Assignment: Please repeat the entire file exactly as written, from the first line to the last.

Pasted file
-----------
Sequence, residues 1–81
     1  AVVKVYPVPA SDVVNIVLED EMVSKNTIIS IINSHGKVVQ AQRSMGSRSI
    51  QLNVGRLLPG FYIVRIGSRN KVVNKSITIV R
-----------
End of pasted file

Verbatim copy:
Sequence, residues 1–81
     1  AVVKVYPVPA SDVVNIVLED EMVSKNTIIS IINSHGKVVQ AQRSMGSRSI
    51  QLNVGRLLPG FYIVRIGSRN KVVNKSITIV R